Sunday, June 15, 2008

My Father and 咖哩勿食

When I had difficulties with English in primary school, my parents could not help since they did not know English themselves. Then a remarkable thing happened. My father’s supervisors volunteered to tutor me! Imagine that, superiors volunteering to tutor a subordinate’s son? Actually the significance of their act did not really sink in (in my mind) at the time. What registered more was the way they tutored me. When I had difficulty pronouncing the word “arithmetic”, they told me it sounded like “咖哩勿食” and actually write it down in my book.

My father had retired for 20 years now. But every time he comes back from Canada, his old colleagues would take him out to dinner. It seems they really like him. Because he worked so hard, was so good at his job, and he was so helpful to those around him, his superiors bent over backwards to help him (sometimes even bending the rules in the process, which I cannot disclose). What I can testify to is that once when I came back to HK for the summer while studying in the USA, my two former tutors took my father and me out to dinner. We had so many bottles of beer that evening I lost count.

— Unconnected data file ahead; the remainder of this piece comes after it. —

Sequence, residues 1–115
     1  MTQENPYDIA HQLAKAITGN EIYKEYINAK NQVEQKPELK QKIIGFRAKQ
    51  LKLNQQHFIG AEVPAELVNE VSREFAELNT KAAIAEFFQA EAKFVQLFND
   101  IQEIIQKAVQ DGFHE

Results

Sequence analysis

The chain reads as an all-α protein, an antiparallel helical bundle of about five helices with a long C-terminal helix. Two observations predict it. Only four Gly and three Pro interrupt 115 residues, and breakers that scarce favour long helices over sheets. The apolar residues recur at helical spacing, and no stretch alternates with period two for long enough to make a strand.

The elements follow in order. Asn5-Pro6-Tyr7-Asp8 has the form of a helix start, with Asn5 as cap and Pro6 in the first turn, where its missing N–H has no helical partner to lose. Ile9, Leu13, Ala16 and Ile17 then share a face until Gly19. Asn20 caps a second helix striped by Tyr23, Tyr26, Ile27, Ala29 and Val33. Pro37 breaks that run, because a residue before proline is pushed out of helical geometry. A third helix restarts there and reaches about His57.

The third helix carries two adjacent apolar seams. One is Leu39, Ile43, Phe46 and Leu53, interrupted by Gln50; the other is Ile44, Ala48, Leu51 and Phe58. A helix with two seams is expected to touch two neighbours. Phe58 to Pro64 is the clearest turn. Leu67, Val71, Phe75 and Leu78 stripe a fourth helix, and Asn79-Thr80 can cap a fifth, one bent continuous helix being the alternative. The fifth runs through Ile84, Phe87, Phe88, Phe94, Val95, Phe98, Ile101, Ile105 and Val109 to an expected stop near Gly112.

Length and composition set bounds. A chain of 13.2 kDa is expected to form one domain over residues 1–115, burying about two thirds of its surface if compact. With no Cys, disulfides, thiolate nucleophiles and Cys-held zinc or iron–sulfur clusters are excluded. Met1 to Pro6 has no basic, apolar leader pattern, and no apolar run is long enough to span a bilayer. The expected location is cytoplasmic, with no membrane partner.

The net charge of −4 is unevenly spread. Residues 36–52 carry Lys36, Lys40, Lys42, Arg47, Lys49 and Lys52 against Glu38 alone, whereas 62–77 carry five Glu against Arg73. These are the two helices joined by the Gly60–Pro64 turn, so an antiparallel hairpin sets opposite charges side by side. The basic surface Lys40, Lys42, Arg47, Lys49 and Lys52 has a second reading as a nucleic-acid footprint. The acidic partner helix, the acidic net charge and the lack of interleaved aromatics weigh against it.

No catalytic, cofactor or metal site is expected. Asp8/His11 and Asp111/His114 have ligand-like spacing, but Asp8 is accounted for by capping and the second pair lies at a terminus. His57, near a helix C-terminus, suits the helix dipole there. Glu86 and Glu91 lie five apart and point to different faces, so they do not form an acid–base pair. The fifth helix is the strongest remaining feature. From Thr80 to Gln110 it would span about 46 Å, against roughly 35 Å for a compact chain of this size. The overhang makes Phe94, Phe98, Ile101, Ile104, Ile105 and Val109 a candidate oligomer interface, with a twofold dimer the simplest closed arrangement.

Ever since he retired, my father has been a full time volunteer, at churches, charitable organizations, old folks’ homes, etc. And he keeps on making friends all over the place. It seems he cannot walk on the street in Hong Kong, Ottawa, and Toronto without bumping into old friends, some he has not seen for 20 years or more.

At home, my daughters would sometimes laugh at grandpa’s jokes - jokes that he told a long time ago, while he was not even there. Now, that is another remarkable thing. Even though they see him no more than once a year, when my parents visit from Toronto, they seem genuinely fond of him.

My father is great.

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